FROM Jan Crawford Greenburg
Opening Day for the Supreme Court As it does regularly on first Monday of October, the US Supreme began another session today. At the moment, this year's docket has a limited number of controversial cases. But with five members over the age of 70, the court itself could be in for change, and that's focusing attention back on the presidential campaign. ABC News legal affairs correspondent Jan Crawford Greenberg is author of Supreme Conflict : The Inside Story of the Struggle for Control of the United States Supreme Court.
Supreme Court '07-'08 Term Wrap-up When the US Supreme Court shut down last year for its summer recess, court watchers were stunned by the number of 5-to-4 decisions and the bitter language used by some of the justices. Chief Justice John Roberts had promised a collegial atmosphere that would produce greater unity. The court ended this year's term with a burst of 5-to-4 splits on high-profile issues, but for the most part, last year's patterns did not hold. We hear about the death penalty , voter ID , guns and Guantánamo Bay . Has President Bush succeeded in pushing the court to the right? With as many as three retirements possible, what can voters expect from John McCain or Barack Obama ?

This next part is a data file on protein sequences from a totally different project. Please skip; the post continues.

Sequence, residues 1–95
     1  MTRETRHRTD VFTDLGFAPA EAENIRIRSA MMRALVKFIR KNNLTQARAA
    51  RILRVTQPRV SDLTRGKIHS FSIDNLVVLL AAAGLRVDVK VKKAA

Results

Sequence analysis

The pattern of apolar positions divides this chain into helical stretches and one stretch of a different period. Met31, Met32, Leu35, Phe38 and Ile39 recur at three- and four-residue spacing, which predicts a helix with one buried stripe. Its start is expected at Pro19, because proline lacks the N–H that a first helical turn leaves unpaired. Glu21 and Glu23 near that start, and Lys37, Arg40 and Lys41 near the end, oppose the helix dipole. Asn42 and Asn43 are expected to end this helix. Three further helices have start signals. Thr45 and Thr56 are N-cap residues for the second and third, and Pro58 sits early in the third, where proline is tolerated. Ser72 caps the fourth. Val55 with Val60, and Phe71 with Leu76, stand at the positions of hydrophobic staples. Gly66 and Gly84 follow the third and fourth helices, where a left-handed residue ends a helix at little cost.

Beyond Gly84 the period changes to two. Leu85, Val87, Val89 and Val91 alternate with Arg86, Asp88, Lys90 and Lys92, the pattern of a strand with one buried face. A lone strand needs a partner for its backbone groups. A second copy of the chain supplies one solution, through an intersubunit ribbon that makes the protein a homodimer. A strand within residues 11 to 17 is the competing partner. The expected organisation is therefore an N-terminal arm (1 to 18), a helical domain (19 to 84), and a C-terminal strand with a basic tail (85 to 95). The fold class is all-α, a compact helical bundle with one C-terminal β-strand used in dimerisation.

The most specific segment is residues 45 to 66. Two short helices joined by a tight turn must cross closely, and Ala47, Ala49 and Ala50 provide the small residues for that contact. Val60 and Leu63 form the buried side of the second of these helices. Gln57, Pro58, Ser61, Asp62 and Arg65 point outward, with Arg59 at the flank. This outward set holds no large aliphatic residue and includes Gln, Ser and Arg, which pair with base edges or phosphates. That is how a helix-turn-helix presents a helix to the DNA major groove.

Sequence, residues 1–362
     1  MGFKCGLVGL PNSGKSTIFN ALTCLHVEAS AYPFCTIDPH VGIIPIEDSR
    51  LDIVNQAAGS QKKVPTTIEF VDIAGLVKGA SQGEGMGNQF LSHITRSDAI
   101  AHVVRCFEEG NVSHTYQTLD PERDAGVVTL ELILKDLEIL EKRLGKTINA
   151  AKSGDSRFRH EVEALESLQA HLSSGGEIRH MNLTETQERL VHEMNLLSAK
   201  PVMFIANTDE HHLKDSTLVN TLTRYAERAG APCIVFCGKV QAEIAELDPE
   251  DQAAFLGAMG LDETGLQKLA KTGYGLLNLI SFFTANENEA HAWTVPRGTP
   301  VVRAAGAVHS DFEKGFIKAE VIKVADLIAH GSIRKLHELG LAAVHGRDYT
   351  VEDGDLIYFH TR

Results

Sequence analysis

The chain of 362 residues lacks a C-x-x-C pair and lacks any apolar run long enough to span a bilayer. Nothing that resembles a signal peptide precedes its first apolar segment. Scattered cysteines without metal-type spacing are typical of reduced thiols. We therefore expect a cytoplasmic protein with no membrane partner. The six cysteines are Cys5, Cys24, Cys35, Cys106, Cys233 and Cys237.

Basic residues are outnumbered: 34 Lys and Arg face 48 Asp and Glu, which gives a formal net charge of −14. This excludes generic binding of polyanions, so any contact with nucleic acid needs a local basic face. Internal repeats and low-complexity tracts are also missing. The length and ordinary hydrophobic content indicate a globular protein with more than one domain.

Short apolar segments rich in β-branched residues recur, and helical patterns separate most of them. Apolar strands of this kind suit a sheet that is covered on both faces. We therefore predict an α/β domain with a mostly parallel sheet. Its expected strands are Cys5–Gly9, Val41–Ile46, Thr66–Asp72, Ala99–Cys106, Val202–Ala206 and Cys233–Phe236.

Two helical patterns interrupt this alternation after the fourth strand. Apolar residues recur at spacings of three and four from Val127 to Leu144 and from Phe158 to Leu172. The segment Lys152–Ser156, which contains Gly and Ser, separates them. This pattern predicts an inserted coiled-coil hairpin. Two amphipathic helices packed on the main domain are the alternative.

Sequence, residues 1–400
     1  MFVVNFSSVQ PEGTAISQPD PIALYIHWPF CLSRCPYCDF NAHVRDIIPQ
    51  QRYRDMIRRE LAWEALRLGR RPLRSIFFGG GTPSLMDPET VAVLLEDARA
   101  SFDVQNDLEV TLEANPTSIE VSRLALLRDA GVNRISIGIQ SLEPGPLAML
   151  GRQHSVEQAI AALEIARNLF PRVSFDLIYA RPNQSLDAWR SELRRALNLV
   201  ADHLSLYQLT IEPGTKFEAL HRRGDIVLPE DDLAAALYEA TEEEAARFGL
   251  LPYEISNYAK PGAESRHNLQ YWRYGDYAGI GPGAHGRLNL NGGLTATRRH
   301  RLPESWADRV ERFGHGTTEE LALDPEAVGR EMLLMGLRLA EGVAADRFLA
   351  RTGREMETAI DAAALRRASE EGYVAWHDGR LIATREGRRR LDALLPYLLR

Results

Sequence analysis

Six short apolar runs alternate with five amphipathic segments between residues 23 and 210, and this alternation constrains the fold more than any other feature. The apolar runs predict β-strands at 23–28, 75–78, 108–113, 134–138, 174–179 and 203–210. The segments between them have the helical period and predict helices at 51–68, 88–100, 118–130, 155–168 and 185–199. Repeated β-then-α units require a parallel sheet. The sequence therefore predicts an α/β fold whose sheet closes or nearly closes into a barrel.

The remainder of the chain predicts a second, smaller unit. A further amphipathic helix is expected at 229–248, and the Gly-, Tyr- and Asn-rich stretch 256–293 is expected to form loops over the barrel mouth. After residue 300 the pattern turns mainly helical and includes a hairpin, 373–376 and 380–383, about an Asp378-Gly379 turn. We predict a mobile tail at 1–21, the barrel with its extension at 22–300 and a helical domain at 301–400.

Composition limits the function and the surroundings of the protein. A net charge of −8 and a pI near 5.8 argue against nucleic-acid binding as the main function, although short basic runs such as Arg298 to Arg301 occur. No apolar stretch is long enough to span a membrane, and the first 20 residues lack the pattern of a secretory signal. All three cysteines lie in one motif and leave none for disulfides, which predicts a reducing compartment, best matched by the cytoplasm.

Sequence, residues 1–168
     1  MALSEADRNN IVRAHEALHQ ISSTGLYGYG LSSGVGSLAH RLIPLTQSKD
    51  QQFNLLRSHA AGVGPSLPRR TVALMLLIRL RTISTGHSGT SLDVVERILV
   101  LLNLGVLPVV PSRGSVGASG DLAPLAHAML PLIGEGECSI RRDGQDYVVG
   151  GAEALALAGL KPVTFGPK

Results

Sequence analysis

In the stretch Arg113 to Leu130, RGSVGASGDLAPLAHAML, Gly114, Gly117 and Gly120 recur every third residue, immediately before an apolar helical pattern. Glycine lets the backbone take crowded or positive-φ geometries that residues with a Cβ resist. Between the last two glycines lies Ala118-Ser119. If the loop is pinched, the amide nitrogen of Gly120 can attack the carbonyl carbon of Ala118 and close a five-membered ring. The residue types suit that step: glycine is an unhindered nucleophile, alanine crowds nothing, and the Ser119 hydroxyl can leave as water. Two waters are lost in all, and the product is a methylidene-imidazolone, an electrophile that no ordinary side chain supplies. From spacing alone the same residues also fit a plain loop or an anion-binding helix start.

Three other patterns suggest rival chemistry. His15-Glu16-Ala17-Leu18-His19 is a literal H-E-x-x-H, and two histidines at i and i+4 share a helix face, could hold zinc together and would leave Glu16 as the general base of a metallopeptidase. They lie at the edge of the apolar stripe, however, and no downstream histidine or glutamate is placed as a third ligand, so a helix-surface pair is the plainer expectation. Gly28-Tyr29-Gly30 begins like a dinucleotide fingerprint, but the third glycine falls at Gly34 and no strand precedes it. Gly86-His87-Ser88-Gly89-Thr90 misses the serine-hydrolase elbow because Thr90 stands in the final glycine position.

Ex-FBI Director Comey tells his side of the story Today, former FBI Director James Comey came close to calling the President who fired him a liar. The White House denied the claim and called it insulting, but Republican Senators did not challenge Comey’s truthfulness. Many questions remain: did the President try to obstruct a federal investigation? Later, we’ll go behind the “velvet rope” for a look at 5-Star health care for the richest Americans.
Trump plays scolder-in-chief with NATO allies At the opening of NATO’s dramatic new headquarters in Brussels today, President Trump acknowledged that Article 5 — promising that “an attack on one nation is an attack on all” -- has only been invoked one time: in the aftermath of September 11. But the President failed to provide what 27 other Alliance members have been waiting for: a re-commitment by America’s new leader to Article 5. Instead, they got a scolding.